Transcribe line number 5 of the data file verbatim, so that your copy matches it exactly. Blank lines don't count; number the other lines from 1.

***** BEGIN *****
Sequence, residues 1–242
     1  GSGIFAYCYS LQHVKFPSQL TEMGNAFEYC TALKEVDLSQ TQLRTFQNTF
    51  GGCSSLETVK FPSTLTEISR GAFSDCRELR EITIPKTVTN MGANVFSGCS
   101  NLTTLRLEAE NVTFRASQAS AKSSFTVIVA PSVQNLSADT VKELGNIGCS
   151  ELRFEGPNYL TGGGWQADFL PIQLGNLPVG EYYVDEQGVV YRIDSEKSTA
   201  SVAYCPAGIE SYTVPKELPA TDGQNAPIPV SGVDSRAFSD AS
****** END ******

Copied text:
   151  ELRFEGPNYL TGGGWQADFL PIQLGNLPVG EYYVDEQGVV YRIDSEKSTA